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posted 21 Dec 2013, 07:15 by Gerry Kangalee   [ updated 21 Dec 2013, 07:42 ]
Rae Samuel
Shortly after the interment of the late Michael Als, another comrade called me with a trenchant insight, invisible because it occurs right under our mourning noses. Relatives, as is their right, assume responsibility for the final ceremonies, unless the departing comrade does, is able to leave expressed wishes and instructions. For example our memorable brother and comrade departed Kevin Seaton through his pain and attendant oblivion made it clear to us that he wanted to see 'blue shirts', the OWTU uniform, at his final passage

The comrade was saying that over the last two to three years the send offs do not reflect the life of our heroes. The front pews are taken up by name persons from the establishment: Senators, Government Ministers, former revolutionary intellectuals, collaborators. 

Of course that is where the cameras, mine included, have to be at some point. And imagining themselves safe from the message of our fallen comrades, they return among us, some wreathed in smiles and sartorial splendour. 
These resplendent mourners, who in the words of Fidel Castro, 'have folded up their progressive banners' often
would have us believe that our soldiers had given up the battle and in their final years started behaving themselves, accepted bourgeois democracy and would have loved to sit at the round table: the paradigm of "modern, responsible trade unionism”

The hymns have replaced the Union songs and the preachers assert that some who had come to view religion in a certain way, had on their deathbeds, cried out for Jesus. Other trade union colleagues and organisations simply do not see it to show up in visible enough numbers, conveniently forgetting there was the movement before there were bargaining units, labour federations, JTUM’s. 
But then we are not alone in witnessing the absurdities of 'canonisation through co-optation'. Nelson Mandela who sat at the right hand of capitalism in his years in government and now sits at the right hand of the Judaeo-Christian God (same capitalism) has received his makeover. He is/was the ultimate humanitarian and will be suitably 'whitewashed' and resold to us literally and figuratively: Alabaster Madiba who single-handedly overthrew apartheid and loved his former oppressors not to death, but to positions of privilege and power, will rise again.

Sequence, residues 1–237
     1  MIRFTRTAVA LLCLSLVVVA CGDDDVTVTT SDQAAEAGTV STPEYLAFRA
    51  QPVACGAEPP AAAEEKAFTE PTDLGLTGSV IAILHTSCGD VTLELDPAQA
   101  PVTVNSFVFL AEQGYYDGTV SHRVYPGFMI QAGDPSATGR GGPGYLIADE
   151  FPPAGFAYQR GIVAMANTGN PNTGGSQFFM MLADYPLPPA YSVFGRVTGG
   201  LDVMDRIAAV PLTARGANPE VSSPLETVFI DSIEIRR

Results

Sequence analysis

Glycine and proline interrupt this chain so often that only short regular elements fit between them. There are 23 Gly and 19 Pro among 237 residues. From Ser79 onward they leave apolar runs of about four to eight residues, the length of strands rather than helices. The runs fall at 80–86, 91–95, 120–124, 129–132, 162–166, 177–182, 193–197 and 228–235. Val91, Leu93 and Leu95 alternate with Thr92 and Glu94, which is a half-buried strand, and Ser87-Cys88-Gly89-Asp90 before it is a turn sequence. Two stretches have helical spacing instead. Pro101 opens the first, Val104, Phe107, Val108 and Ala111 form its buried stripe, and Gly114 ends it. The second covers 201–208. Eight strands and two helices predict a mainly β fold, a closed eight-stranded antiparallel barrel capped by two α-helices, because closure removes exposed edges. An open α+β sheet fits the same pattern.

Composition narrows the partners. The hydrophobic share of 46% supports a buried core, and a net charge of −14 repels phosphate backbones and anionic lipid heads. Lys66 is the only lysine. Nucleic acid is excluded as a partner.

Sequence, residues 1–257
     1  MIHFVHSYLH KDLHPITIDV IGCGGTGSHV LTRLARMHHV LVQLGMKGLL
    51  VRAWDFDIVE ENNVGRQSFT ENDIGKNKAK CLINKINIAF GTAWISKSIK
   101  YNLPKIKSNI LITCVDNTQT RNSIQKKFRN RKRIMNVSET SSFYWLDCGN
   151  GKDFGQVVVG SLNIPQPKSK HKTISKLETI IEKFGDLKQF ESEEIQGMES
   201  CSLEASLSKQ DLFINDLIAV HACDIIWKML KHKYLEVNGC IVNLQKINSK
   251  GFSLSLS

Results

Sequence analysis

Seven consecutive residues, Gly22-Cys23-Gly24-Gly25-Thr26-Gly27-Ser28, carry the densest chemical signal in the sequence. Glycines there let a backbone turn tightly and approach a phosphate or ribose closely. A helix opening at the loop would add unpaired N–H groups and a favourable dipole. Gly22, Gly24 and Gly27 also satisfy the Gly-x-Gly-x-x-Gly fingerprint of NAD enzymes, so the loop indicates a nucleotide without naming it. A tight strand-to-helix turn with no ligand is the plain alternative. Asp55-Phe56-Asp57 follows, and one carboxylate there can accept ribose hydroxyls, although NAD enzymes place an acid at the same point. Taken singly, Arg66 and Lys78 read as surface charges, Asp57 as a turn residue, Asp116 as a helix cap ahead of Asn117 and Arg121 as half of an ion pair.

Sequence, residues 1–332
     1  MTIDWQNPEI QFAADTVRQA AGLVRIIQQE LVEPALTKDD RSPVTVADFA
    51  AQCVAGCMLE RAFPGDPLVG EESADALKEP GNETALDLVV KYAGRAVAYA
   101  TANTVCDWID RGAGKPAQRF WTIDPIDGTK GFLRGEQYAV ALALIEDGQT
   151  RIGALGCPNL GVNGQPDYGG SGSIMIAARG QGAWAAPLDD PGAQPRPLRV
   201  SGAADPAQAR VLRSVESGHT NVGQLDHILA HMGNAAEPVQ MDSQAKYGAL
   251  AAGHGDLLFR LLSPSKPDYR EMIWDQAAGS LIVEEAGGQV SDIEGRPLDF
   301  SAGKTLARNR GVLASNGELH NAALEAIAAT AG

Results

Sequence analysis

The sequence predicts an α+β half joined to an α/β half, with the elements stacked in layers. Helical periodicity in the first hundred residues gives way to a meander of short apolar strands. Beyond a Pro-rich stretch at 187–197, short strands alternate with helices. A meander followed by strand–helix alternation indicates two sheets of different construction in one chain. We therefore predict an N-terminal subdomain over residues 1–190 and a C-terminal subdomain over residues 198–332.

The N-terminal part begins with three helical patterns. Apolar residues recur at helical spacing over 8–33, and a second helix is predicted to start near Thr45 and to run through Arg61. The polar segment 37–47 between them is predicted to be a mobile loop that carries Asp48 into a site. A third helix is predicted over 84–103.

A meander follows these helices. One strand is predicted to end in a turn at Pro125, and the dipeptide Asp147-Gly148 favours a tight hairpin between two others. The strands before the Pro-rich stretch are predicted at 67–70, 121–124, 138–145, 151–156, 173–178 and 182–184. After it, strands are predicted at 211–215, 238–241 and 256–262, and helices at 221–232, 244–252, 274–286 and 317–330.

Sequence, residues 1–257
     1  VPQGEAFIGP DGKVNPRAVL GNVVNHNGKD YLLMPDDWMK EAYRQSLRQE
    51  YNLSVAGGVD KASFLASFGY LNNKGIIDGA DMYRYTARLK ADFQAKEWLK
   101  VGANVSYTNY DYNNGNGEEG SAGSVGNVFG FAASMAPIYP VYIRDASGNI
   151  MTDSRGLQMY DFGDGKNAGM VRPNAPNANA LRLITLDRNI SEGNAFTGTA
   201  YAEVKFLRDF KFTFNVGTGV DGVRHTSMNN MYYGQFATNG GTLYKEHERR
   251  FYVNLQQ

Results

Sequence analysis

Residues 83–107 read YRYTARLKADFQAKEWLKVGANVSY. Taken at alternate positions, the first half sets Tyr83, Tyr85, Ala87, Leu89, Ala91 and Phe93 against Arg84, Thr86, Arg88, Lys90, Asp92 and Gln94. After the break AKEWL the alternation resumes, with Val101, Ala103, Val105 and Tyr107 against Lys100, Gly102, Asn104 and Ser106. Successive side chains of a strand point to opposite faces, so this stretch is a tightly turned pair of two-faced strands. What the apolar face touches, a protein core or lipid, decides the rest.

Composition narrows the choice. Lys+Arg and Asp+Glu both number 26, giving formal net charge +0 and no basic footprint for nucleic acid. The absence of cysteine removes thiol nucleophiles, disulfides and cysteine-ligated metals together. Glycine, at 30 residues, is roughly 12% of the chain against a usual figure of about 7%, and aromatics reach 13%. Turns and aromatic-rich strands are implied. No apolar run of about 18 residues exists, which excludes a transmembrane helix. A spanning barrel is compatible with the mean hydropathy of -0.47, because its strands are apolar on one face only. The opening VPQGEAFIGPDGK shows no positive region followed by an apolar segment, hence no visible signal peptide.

Actually in some parts of the world he may already have, breaking the three day rule and not waiting for Easter. Oh I need to ask: Are the Mandela Christmas cards out yet? I say this because I have already seen the tee shirts. To be followed by notebooks, lunch kits, sport coats, desert boots and pull down caps. I know the socks, sneakers, travel bags, caps, rugby balls, key chains, belts, whistles, soap and after shave lotions are on the way. I have even seen a
Mohandas Karamchand Gandhi
designer on Facebook promoting the Mandela look. Gandhi's descendants must be steaming that the Mahatma was not more fashion conscious. Really hard to ask Nike or Puma
Nazi war trial at Nuremberg
to promote the Gandhi look. 

One of the more intriguing aspects for me of this 'love thy oppressors talk' is that it seems to be of recent vintage. Why weren’t Hitler and the Nazis offered twenty seats in the House of Lords and villas in the British Isles? Why weren't the Japanese offered beach houses in Hawaii and seats on the Board of G.M.? They were dealt with at the Nuremberg trials where sought reparations were measured in lengths of rope and the hangman came to collect. Ask the late Lord Haw Haw how his career as a talk show host ended. 

For me however the man of the hour/day/week/month/year/decade century/ must be Thamsanqa Jantjie. Fortunately, because of Madiba's stature Thamsanqa will be immortalised. Years from now the question our children and grandchildren will ask will not be 'Where were you when Madiba’s memorial was held?" Rather it will be, "Where were you when Thamsanqa Jantjie joined the circus and made jackasses out of the South African government, the ANC and other public officials globally?” 

In one fell swoop; he 'storms' the funeral, manages to occupy centre stage in a globally televised event and
Thamasanqa Jantije
proceeds to b.s. everybody. The man has balls and a true sense of occasion. "Ladies and gentlemen, we have come here to honour a giant who blah...blah...blah...'' intones some global leader. Meanwhile Thamsanqa is probably signing "Makin' love one day /wid a girl they callin' Mae Mae.'' I don't know how he kept a straight face through it all. 

The biggest loser in all of this seems to be Desmond Tutu. Media reports suggest he did not get to share the spotlight at Mandela's burial. The good archbishop seems to be saying that he is disappointed in the ANC cabal. UNC? ANC? Cabal? Maybe he should come to Trinidad/Tobago and join Jack Warner's ILP?